Stateside Staff

user: RTD Photography

The question of stray animals in the City of Detroit has been in the spotlight ever since Bloomberg News published a story painting Detroit as some place where "abandoned dogs roam in packs as humans dwindle." The article estimated the number of stray dogs at 50,000, a number that has turned out to be grossly inaccurate. 

Michigan State University political science professor Laura Reese has completed the first academic study of the problem, which hopes to shed light on the reality of the situation.

Listen to the full interview above. 

User: Old Shoe Woman / Flickr

There is a two-bill package making its way through the state Legislature that could impact students in every third-grade classroom in Michigan.

It would hold back third-graders who have poor reading skills. If a child fails a third-grade reading exam, he or she does not move along to fourth grade.

Backers say it can help get a struggling student back on track. Critics say flunking that struggling student is a punishment. State Superintendent Mike Flanagan panned the legislation, saying it should be up to local schools and parents.

Amber Arellano is the executive director of the Education Trust-Midwest.

demccain / flickrriver

A new chapter has begun in the long history of Detroit's Belle Isle, which is transitioning to become Michigan's 102nd state park. 

The full change takes place today, as state park officials assume control of the park under the lease imposed by Detroit's emergency manager, Kevyn Orr. The move should save the city between $4 and $5 million a year.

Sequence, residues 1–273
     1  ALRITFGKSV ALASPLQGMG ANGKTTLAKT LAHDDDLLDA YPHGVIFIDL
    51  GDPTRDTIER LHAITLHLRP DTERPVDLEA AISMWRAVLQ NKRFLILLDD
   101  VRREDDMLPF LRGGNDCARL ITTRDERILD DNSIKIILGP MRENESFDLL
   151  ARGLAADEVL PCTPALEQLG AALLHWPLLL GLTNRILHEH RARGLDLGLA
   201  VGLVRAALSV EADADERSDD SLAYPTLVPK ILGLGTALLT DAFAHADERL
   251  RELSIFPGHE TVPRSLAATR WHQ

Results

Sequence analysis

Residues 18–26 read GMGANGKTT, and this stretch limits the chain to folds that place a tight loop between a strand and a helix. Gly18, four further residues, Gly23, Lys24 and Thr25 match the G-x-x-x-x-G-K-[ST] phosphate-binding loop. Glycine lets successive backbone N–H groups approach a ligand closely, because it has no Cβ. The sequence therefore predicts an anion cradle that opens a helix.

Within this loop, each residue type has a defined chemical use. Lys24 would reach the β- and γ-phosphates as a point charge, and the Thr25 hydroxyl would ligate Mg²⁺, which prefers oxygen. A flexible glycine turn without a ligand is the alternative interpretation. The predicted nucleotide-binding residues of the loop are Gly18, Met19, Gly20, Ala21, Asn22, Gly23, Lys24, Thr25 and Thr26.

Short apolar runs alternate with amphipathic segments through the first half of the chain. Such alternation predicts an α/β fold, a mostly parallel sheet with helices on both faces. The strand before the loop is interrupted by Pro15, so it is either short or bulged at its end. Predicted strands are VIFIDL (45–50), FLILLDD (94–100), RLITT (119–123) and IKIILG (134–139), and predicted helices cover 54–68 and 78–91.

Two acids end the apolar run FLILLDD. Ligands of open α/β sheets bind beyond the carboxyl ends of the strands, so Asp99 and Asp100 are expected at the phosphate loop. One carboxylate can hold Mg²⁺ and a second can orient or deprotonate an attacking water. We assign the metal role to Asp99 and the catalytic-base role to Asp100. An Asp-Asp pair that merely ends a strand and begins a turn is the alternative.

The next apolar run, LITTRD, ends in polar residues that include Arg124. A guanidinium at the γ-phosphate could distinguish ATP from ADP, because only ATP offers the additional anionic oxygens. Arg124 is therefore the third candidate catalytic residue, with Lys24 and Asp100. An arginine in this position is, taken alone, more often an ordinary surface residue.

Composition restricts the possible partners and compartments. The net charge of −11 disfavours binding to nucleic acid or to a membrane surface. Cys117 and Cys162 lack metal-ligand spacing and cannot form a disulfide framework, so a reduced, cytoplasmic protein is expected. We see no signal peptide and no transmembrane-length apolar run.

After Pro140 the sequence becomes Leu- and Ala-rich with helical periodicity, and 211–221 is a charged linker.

Starting today, motorists will need an $11 state recreation passport to enter the park. 

Detroit Free Press editorial editor Stephen Henderson joins us today to talk about what we can expect for the future of Belle Isle and the city of Detroit. 

Listen to the full interview above. 

GMC SUVs in a car lot
user ep_jhu / Creative Commons

Ford and General Motors both recently decided to stop producing cars in Australia. Now, that country's car manufacturing industry is about to reach the end of the road. That's after today's announcement that Toyota will close its operations there as well.

Stateside's partner the BBC has more from business correspondent Russell Padmore.

Belle Isle has become Michigan's 102nd State Park. What does this new chapter for Belle Isle mean for the city and people of Detroit?

Next, stray animals in Detroit are up for debate since a article by Bloomberg News put the number of strays at 50,000. A Michigan State University professor discusses the findings of her study on the problem. 

user striatic / Flickr

It could happen in a field near an abandoned building in Detroit. Or a now-defunct library in a small rural town.

The locations may differ, but the mission is the same: medical students reaching out to provide health care to uninsured people.

The student-run free medical clinic is an outreach effort that’s offered by most medical schools. Usually, it’s staffed by first and second year med students who are responsible for virtually every aspect of the clinic. An M.D. is on hand to write prescriptions and confirm diagnoses. But it really is these med students who are giving most of the care.

What are the pros and cons of these free student-run clinics?

Jennifer Xu is a medical student at the University of Michigan. She recently wrote a piece for The Atlantic entitled “Letting Medical Students Run The Clinic.” She joined us today to tell us more about it.

Listen to the full interview above.

Facebook

The Winter 2014 Olympics began today in Sochi, Russia. America's athletes will once again be sporting designs by Ralph Lauren.

 

What you might not know is that the sweaters and caps they'll be wearing for the closing ceremonies will be made from yarn produced in Michigan.

Debbie McDermott is a shepherd, a spinner and a fiber artist. She owns Stonehedge Fiber Mill in East Jordan, and she joined us today.